Fellow Sharpie employee and guest blogger, Stephanie Markadonatos, is back to chat with Sharpie artist, James Schaffer. James keeps it all connected through his art and we are excited to continue the link and share him with all of you.
As we all know, Social Media is the new driving force to keep us connected and up to date with our friends, family, and interests. With Facebook, Twitter, LinkedIn and all the many other social networks and blogs (even this one) floating around in cyberspace, we communicate to millions in seconds. The exposure of our thoughts, feelings, and ideas are put out there for all to see with a simple “Click”. The influence of internet media and how we connect has become a new chapter in the communication world. What if the internet and the social media phenomenon weren’t around? Would we still be able to feel connected to people at the level we are able to now?
Today’s featured artist, James A. Schaffer, feels that we are all connected and the internet is one major media influence that can never fully be deleted. Get ready to learn how James uses both print and digital art to express our connectedness….
FEATURED SHARPIE ARTIST: JAMES A SCHAFFER
Can you give us a little background about yourself? I grew up in Pittsburgh, PA, where I currently reside and work. I am a recent graduate of Edinboro University of Pennsylvania, with a bachelor in Fine Arts with a concentration in painting. I have been interested in art since I was around 5 years old. When I was young I often got sick, so I always had a sketchbook nearby to keep me busy. My mother always took me to art classes as I grew up which kept me interested in the Arts.
What attracts to the fine arts? Other than being exposed early in life, I suppose I like the idea of creating something, and then allowing viewers to experience that thing. Instead of expressing myself in front of a live audience, I do enjoy being “behind the scenes” in a sense.
Can you tell me your thoughts on being an Artist?
I am an artist in every aspect of my life. To me, there is no separation. Therefore, this is the life that I was determined to live. I paint in order to live. It provides a relief and gives a fulfillment that nothing else can.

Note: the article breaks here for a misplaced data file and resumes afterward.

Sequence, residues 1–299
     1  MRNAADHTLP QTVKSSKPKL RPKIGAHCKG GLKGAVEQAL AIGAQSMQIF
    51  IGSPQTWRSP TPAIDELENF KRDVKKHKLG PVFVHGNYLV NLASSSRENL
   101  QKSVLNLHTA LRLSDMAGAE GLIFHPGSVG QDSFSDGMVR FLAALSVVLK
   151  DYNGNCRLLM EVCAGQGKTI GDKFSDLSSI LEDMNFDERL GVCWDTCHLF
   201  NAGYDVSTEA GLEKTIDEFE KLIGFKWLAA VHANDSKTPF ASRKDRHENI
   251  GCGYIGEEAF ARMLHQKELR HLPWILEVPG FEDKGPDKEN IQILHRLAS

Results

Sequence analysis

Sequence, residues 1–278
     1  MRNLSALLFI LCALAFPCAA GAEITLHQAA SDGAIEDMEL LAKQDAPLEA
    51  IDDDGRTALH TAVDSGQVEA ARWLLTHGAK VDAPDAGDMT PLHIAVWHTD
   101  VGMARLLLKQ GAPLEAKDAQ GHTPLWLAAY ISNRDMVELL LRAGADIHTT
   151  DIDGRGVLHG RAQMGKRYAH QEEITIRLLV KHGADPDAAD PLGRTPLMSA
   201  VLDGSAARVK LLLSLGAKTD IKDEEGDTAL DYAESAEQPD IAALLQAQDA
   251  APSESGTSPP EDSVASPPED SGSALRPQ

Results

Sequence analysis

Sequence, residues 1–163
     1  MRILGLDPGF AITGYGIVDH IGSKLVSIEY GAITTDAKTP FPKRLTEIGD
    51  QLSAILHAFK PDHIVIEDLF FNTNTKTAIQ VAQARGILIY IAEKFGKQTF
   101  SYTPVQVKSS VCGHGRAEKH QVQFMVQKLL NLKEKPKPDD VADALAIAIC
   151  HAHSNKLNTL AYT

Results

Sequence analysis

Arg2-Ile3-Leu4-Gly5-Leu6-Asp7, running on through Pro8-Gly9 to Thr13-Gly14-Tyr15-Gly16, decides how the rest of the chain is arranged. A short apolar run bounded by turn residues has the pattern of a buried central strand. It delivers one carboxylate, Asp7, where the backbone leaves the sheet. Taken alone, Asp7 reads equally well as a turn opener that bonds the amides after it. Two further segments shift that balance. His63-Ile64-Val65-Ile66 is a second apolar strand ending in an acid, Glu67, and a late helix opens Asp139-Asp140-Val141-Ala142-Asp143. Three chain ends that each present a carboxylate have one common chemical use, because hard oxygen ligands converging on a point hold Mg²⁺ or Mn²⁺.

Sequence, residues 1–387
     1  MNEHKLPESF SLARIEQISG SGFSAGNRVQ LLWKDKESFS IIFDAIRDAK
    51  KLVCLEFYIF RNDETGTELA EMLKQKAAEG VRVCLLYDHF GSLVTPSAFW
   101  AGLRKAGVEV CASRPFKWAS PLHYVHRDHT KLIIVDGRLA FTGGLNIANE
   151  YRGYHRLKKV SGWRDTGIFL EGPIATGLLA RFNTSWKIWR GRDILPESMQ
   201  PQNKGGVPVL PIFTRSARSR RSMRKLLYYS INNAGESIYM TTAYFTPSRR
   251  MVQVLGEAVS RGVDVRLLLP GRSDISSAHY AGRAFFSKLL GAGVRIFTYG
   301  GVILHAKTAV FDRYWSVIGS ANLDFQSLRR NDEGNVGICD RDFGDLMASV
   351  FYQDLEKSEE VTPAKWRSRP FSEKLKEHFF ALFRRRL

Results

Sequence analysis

Where does your inspiration to create come from? A lot of my inspiration comes from abstract expressionist artists such as: Rauschenberg, De Kooning, Kline, Pollock, Motherwell, and Basquiat. My ultimate go to are two documentaries on Jean Michel Basquiat: “The Radiant Child” and “Basquiat”. Any time I see Jeans work ethic and the way he paints, it always forces me up and creating. I also like to travel and visit art museums.
How long does it take you to create your art?
The time it takes to create a painting varies from piece to piece. I generally work on mine for over a span of several weeks, dedicating a few hours each day until I am complete. It typically takes an average of about 25 hours to fully complete a piece of art.
Tell me about your favorite museums you visited and why they stood out from others? Two that I truly enjoy are The Warhol Museum, which is in my hometown and the Whitney Museum in New York. I always had a liking for Andy Warhol and it always has interesting contemporary artists. Whitney Museum is not overwhelming like many of the other institutions in New York. I do hope to make it back to New York soon to visit the Museum of Modern Art for the De Kooning show.
What attracted you to use Sharpie products in your works of art? There are several reasons why Sharpie markers are a favorite tool of mine. Most importantly, I feel quite comfortable and familiar with markers. Secondly, the ink and color of the ink drew me in. The colors are so bold and vivid, making it an easy choice for me as an artist.
What is your top Sharpie product?
I would say my favorite Sharpie product is the traditional blue Sharpie.
Can you explain how you feel everything is connected? I feel that nowadays, people’s interests and lives are multi faceted. As well as with the mega presence of things like the internet, we are more aware of what is going on with other people’s lives and other topics which before we may have not been exposed to.
What are your thoughts on communication, Internet and art – how are they linked?
We are all culturally closer than we have ever been before. Social interactions have been expanded in a way that would be impossible without the technology that we have at our fingertips. The goal of the internet is communication just like art. The two aren’t so far apart as people might think. Both are used as tools to communicate a message.
How do you portray the media and connectedness in your art? By creating chaotic scenes. Media and our lives are all intertwined creating chaos. Once my art is complete, I will review and decide if any marks need to be deleted or pushed back into the background. I make these decisions based on my reaction to the visual and various aesthetic qualities. The internet comes into effect again on the idea “things are always present even if you try to cover them up”. If a person posts a message, photo, or post, there’s no telling on who will see it and where it will end up. Even if we try to delete something, search engines and other tools still can dig up old information. We are connected through the media in ways in which sometimes we are not even made aware of.
Any advice you would like to pass along? I believe as it was taught to me, that each painting (or whatever art you choose) should be better than the previous one. This supports the idea of growth as an artist.